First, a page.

Beth: We started shooting our next film, which is about water issues in California. Working title is Water Makes Us Wet. There’s more info at www.theEcosexuals.org.
KARA: This question of who profits or who benefits has been at the heart of the feminist debate, especially around the sex industry, for quite some time. In opening the picture up, you’ve taken that binary way of looking at the system of exploitation versus empowerment, or oppression versus liberation, out of the equation. You’re moving the conversation beyond these poles, presenting something very different in that regard.
ANNIE: To a lot of Americans, sex is about what sex toys you have, what lingerie you wear, what porn you have. Some people think you can’t have great sex unless you have the right strap-on. As ecosexuals we want to send a post consumerist message. We’re even saying “Stop making and watching porn! Let’s bring back the live sex show! Porn watching is using up so much electricity.” To be honest, I still do love lingerie and strap-ons. But that’s not the be-all end-all. There’s a whole world out there!
KARA: Annie, what you were saying before about the sex industry and its commodified entrenchment, in many ways it can be argued that the technological models we utilize mirror our relationship and needs to art, that our contemporary comfort zones are now to a large degree located either behind or in front of the camera instead of face to face. In your opinion, how does the sensibility of this mediated interface effect the consumption of erotica, porn, art, and other spheres of aesthetic or sexual interest?
ANNIE: From a historical perspective, human sexuality changes and goes through phases and has popular and unpopular styles. I believe everyone is at the right place at the right time. With the Internet, we are definitely exploring and discovering really interesting new territory. Who is to judge what’s better or worse, having computers or not? Now I’ll contradict myself. I’d argue that its important to keep making porn, because is it’s kind of an historical record. If you look at porn from the 1800s or the 1920s, sex was different then. Even blow job techniques change. Each person is an erotic universe unto themselves. We all have more to learn, and we all have something to teach. That’s what is so great about sex as subject matter, its endless, and there’s more to discover and create.
KARA: So this mediated interface does not affect the way that you approach your work or the consumption and reception of it? Whether it’s face-to-face or encountered via the television screen or the computer monitor, it’s –
ANNIE: It’s definitely best to experience our work live, in a group, to actually come with us for a weekend ecosex workshop and camp out and participate and interact with nature.
BETH: But ecosex includes technology too. We do love our social networking interfaces.
There is something ecosexy about computers, and ecosexy about cities too.
KARA: Annie, can you speak to how your prior experiences in the sex industry and the way that technology might have been used in those settings is different or is similar to the way that it’s used in the art world now? Perhaps not in your performances per se, but in other performances that you’ve been a part of, or that you’ve been witness to.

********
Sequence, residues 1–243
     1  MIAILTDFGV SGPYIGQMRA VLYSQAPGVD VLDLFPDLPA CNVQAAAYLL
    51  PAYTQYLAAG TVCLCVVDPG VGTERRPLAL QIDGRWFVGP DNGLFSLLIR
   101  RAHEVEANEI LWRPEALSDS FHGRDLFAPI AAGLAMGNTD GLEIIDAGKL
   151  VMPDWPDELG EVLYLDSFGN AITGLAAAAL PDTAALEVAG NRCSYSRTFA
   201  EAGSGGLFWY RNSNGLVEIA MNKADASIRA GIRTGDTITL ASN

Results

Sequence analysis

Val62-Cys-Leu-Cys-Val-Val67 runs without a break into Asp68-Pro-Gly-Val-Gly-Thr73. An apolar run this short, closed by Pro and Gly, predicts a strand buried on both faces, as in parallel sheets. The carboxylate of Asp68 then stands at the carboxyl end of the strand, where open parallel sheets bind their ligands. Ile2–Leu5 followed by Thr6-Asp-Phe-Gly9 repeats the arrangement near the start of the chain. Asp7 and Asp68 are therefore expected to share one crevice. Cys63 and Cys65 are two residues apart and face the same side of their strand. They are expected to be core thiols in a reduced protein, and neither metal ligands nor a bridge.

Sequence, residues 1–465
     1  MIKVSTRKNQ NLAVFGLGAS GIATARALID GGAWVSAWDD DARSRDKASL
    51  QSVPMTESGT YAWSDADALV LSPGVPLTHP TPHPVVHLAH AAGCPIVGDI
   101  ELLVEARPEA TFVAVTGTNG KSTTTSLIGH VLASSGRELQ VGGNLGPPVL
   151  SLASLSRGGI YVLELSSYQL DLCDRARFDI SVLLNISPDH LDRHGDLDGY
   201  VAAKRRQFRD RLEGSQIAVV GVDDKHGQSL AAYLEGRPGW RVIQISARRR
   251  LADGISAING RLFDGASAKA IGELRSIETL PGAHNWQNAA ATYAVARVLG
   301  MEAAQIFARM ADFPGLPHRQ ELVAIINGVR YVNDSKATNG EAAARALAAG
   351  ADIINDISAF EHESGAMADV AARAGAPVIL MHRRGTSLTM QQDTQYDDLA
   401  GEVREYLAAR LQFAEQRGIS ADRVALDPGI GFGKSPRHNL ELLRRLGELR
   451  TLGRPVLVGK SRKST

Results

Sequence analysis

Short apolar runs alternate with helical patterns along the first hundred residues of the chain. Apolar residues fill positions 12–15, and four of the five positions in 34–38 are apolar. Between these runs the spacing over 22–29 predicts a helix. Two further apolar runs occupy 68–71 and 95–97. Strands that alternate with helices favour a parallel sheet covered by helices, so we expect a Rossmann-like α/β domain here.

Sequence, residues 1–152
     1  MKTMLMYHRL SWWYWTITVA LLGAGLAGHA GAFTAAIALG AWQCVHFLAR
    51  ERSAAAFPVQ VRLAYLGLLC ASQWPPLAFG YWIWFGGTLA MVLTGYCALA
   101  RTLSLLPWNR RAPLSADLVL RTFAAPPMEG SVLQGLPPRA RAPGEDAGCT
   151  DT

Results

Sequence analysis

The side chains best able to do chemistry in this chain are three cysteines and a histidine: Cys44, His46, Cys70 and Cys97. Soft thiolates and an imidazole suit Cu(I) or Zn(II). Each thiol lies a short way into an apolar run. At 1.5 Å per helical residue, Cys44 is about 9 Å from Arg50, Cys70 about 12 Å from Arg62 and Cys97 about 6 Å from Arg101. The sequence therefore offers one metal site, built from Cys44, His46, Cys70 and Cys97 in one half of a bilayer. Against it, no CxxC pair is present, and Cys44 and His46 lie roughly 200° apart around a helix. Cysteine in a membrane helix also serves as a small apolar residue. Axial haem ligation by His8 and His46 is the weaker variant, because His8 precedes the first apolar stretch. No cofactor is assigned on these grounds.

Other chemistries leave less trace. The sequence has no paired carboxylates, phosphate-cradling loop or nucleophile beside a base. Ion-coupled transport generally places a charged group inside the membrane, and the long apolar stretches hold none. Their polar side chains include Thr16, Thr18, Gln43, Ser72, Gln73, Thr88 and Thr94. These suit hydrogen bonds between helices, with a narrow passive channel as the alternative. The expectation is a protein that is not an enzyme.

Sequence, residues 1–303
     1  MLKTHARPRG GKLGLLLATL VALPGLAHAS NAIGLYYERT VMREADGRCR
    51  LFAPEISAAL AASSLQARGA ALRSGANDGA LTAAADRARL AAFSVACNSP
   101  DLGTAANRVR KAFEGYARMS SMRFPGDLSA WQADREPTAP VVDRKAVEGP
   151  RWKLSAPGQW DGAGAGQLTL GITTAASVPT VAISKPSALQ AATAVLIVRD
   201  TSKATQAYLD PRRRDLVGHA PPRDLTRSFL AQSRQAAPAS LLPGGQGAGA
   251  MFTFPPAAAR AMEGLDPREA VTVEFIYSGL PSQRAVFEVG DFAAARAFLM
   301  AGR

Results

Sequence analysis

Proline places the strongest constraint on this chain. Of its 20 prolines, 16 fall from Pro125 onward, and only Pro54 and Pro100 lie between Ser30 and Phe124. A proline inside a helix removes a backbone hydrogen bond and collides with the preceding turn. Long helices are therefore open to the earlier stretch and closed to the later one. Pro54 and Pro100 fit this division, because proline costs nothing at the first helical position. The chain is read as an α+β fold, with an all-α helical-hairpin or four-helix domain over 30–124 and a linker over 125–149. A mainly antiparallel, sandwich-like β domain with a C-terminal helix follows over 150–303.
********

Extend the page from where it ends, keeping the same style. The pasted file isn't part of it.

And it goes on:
ANNIE: I totally loved combination of having sex and at the same time, shooting a film. It’s a great combo. Sex and creativity are so linked, They are one and the same impulse. With sex, and with creativity, or technology, some days are better than others, some days you just don’t go very far. Sometimes you’re a lead balloon going nowhere, and sometimes you fly. In our last theater piece, Earthy; an Ecosex Bootcamp, we use technology, video, lighting, and computers, to give the impression we are out in nature! That’s crazy. After we did that show, we redid it, we got another director and took it outside and made An Ecosexual Walking Tour which we just performed in June and will do in Central Park on September 16th. Much nicer to do a show about nature outside,
KARA: In terms of the way that you’re engaging with nature, especially in regards to your more recent work, there seems to be an invocation of the goddess in the texts that you’re employing and your physical presentation of self —
ANNIE: If anything, we think of the Earth as transgendered, actually multigendered – we’re not so into “lesbian” either. The word and concept of “lesbian” and “goddess” seems old fashioned, sort of quaint and nostalgic.
BETH: We’re definitely going with more of a punk rock edge these days.
ANNIE: The idea of having making love only with people seems really limiting, when you can make love with a tree, a rock, the ocean… So even this idea of “heterosexual” or “lesbian” or even “bisexual” – bisexual? Why only two? It all seems very limiting compared to what we imagine, which is a transgendered ginormous Universe with, gazillions of erotic and sensual possibilities.
BETH: It’s not just transgender, it’s transgenital.
ANNIE: Yeah, its totally beyond genital sex! But it includes genital sex of course. We love genital sex too. All sex is really ecosex!
BETH: I think a lot of strategies and tactics towards different kinds of political liberation have been viewed as having a narrow horizon – the horizons have narrowed for certain things, and I think with ecosexuality we’re really opening up the spaces of hopefulness that something else could move in a different way because we’re politically very clear about what we’re trying to do. We’re really trying to shift this metaphor around the Earth from ‘Earth as mother’ to ‘Earth as lover,’ to get people to engage in a more mutual way of being in and thinking about the world. But we’re not punitive, you know? We’re not “you’re either with us, or against us”. You can still maintain your heterosexuality and be ecosexual, or gayness, or your bisexuality and be ecosexual – it’s not an exclusive sexuality. It’s also not an exclusive viewpoint of the world. We hope our kind of ecosex engenders more passion, empathy and intimacy with nature, but also a wider vision as opposed to a narrow, gathered vision.
KARA: You’re not requiring people to identify with one state of being in the world; you’re actively challenging those codified norms.
BETH: Yeah, it’s really a campaign of attraction; if you want to be part of it then hey,
everybody’s welcome, but if you don’t, that’s fine too, bye bye.
* Kara Rooney is an artist and critic based in New York, where she currently serves as the Managing Art Editor for The Brooklyn Rail.